JEL: H2 J14 J22
    Date: 2015–10
  20. By: Basu, Parantap (University of Durham); Sen, Kunal (University of Manchester)
    Abstract: We examine the efficacy of a popular anti-poverty programme, namely the National Rural Employment Guarantee Act (NREGA) of the Government of India. We argue that a chronic friction of wage payment delay in this flagship programme could adversely affect the welfare of the poor through two channels. First, it causes deferred consumption. Second, it turns labour into a credit good which makes an indebted household work harder to clear off his existing debt. The loss of welfare persists even when the worker has an outside employment option. If a programme of financial inclusion increases the indebtedness of the poor, a wage payment delay in the NREGA programme could escalate this welfare loss although the official indicator of success (i.e., participation) may not reveal this friction.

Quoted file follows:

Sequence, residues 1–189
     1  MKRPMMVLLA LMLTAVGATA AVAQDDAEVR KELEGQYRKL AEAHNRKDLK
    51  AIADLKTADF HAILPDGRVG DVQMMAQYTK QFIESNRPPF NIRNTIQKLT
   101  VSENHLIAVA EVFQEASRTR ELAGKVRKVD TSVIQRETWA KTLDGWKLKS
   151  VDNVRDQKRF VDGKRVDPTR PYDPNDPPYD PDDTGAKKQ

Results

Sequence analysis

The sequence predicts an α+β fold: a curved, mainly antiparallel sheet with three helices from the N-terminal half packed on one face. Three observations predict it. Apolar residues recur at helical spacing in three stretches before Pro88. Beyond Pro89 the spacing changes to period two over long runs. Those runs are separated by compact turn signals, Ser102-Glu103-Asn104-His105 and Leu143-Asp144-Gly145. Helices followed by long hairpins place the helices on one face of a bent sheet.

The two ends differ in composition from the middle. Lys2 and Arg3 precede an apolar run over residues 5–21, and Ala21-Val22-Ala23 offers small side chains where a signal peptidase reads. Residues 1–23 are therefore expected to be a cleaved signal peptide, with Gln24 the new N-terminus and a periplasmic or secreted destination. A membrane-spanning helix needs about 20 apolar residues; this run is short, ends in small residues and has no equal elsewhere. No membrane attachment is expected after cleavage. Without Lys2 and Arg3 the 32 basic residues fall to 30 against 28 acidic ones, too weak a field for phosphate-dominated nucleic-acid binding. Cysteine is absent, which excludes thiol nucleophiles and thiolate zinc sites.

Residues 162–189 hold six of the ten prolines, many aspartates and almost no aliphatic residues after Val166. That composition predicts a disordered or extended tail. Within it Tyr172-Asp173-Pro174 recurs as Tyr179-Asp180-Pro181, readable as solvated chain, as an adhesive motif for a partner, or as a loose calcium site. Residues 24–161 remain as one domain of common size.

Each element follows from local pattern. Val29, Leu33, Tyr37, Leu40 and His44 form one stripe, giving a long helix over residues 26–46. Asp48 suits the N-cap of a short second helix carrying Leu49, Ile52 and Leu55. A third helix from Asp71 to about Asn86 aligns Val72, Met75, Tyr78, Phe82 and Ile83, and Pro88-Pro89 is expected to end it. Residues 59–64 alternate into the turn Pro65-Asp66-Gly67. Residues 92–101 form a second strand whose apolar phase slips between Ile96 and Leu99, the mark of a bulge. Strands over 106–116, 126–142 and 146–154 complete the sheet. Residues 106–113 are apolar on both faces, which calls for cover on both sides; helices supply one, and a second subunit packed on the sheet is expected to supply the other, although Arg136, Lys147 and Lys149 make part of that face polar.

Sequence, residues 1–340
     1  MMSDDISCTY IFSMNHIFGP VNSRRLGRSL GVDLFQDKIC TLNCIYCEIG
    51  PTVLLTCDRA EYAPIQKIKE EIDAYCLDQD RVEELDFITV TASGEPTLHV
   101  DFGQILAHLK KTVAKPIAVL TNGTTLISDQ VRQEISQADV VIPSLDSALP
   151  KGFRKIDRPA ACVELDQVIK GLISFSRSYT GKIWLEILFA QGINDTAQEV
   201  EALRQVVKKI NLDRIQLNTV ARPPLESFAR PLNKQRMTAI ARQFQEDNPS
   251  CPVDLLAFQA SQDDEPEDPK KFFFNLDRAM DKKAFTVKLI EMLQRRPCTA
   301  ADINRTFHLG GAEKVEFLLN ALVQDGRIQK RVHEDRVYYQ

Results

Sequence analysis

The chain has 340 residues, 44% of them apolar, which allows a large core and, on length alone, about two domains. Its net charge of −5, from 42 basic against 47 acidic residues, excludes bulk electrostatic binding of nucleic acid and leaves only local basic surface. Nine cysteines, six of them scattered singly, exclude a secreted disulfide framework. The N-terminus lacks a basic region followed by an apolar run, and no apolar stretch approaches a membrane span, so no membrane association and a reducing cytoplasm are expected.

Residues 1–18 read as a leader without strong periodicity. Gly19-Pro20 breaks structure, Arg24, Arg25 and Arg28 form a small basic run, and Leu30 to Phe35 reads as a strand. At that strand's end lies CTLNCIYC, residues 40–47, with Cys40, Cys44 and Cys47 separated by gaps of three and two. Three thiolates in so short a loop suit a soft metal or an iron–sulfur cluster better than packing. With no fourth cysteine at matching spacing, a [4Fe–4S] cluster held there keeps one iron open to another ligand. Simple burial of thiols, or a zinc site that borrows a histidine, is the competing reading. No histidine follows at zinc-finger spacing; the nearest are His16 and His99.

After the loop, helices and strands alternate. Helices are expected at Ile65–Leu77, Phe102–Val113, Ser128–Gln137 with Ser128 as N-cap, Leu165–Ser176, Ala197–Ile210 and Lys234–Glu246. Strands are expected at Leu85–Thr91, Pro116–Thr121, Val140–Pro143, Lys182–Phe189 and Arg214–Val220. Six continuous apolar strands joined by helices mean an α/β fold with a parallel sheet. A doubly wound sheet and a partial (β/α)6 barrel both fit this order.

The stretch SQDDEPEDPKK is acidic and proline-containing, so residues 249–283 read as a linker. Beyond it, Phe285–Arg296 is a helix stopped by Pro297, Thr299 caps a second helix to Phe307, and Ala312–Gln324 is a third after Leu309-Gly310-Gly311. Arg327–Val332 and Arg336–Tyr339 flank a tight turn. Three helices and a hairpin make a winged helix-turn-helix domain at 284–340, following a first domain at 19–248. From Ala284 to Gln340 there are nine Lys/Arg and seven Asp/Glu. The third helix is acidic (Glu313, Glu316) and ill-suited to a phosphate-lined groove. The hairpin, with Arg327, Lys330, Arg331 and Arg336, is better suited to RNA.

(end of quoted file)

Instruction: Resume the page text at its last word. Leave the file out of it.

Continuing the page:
Keywords: NREGA, employment guarantee, credit good, financial inclusion
    JEL: H53 O11 J43
    Date: 2015–10